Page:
Is it the huevos rancheros or is it the 3-D cow sculptures? Whatever it is, the Range Café has become something of an icon in the Albuquerque area. And now the Bernalillo-based New Mexican food eatery is opening another location.
The new restaurant will be opening in the building formerly occupied by Lone Star Steakhouse at 10019 Coors NW near Cottonwood Mall. The 5,000-square-foot restaurant is being renovated, and co-owner Matt DiGregory is hoping to open by the end of August.
DiGregory said his restaurants – he is also the owner of Standard Diner and Freighthouse Kitchen + Tap in Bernalillo – usually employ roughly 50 people.
The move to the West Side was a big change for DiGregory. “We usually love to take over these old funky buildings, but the West Side doesn’t have any,” DiGregory said.
DiGregory said he was approached by the landlords, and after looking at the building, decided it would be perfect for the Range Café.
The location is undergoing heavy construction as DiGregory opens up the east wall and adds large windows. He is also expanding the outdoor patio. “The building has a perfect view of the Sandias, but it was designed in Texas (for Lone Star) and, typical giant corporation, they didn’t take into account anything around the building,” DiGregory said. He plans to fix that.
For DiGregory, each Range Café location needs to be unique but still identifiable. He has a team of local artists that he uses, including 84-year-old Roger Evans, who designs the iconic 3-D cows.
“I like to tell (the artists), ‘Hey, here is your space. Just go for it.’ We have been very fortunate with the people that we get to work on the interiors,” DiGregory said.
DiGregory also said that he isn’t giving up on expanding further into Albuquerque, but “the price of liquor licenses (in New Mexico) is starting to become prohibitively expensive.” Future expansions, he said, may be out of state.
Helix Coffee and Yoga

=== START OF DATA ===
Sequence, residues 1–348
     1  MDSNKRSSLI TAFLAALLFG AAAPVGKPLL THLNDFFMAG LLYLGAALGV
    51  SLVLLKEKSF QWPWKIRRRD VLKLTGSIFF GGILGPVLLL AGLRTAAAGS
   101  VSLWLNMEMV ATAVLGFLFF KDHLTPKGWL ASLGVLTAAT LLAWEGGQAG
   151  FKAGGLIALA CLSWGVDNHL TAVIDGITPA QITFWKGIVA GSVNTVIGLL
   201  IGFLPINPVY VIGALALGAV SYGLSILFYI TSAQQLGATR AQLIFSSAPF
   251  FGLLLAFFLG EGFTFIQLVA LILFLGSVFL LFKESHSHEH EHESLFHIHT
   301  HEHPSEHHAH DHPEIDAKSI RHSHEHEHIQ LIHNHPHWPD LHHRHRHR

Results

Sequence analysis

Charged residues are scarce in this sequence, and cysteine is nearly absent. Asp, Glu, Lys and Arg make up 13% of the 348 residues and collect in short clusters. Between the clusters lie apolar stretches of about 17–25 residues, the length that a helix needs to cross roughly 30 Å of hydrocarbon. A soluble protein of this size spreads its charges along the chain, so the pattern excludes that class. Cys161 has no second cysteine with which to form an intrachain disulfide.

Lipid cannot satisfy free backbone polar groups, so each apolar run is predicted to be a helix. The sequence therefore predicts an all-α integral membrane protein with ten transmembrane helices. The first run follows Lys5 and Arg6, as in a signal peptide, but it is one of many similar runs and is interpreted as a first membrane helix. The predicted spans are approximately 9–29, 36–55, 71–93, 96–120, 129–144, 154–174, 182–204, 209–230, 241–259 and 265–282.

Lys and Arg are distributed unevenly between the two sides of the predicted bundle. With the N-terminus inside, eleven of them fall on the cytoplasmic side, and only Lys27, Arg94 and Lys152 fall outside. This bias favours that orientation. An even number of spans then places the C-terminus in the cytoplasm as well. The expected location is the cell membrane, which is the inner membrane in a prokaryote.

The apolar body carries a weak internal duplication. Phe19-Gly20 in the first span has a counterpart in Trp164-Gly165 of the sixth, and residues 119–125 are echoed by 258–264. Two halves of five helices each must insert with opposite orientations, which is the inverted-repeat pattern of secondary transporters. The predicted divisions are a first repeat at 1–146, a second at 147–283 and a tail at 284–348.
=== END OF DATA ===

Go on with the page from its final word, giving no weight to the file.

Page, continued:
Kristen and Vincent LaVolpa are new parents. At a time when most people are overwhelmed by the new responsibilities, the LaVolpas have decided to take on even more.
The couple opened Helix Coffee and Yoga on Campus Boulevard near Carlisle NE.
Helix is a former residence that was converted into offices and then commercial space. Vincent isn’t sure but believes the 1,300-square-foot building is pre-World War II.
“We wanted something homey, so what better than a home?” Kristen said.
Kristen and Vincent have many interests. Kristen loves break-dancing and is a part of the local Zia Queens Crew. She also makes jewelry, instructs yoga and teaches a “Social Justice and Senior Action Project” class at South Valley Academy.
Vincent is a former paramedic and operations manager for Nutrishop, who bought a coffee truck and branded it Green Joe Coffee. He has also written a book on converting campers to coffee trucks.
Helix brews coffee and has a full yoga schedule with classes starting at $8. But it also displays local art for sale and has a small area for local vendors with items ranging from beaded jewelry to bath bombs.
On the coffee side, Vincent buys from local roasters and says he is interested in bringing in as many local roasters as possible.
For yoga, Kristen is interested in “creating a yoga cooperative with many teachers signed on.” She now has three instructors.
Sauce Pizza & Wine
“Green chile and beer and we are done,” Sauce Pizza & Wine CEO, Scott Kilpatrick said.
The Arizona-based Italian eatery is expanding into New Mexico, its first foray out of its home state, and it was important for Kilpatrick and Sauce to get to know the region. He and General Manager Chris McGinnis hired local staff and surveyed them to find out what to add to their menu to give the Albuquerque locals what they want. The staff answered back, “Beer and green chile.”
Sauce, along with its pizzas, salads, pastas and soups, is serving La Cumbre and Marble beer on tap and has added Hatch green chile.
Sauce has 12 locations, including four in Tucson.
“We liked Albuquerque, one, because it is a short flight, and two, because the market is very similar to Tucson.”
Sauce calls itself fast-casual Italian. Customers order at the counter and the food is delivered to the table. “It’s pretty easy dining,” Kilpatrick said.
The eatery is the first to open in the development across from ABQ Uptown. Kilpatrick said, “We really like this area. We like the redevelopment of the mall. We like ABQ Uptown. We like the energy, the traffic, the hotels right off the freeway.”
Sauce opened the 3,000-square-foot restaurant at the Winrock Center over the weekend.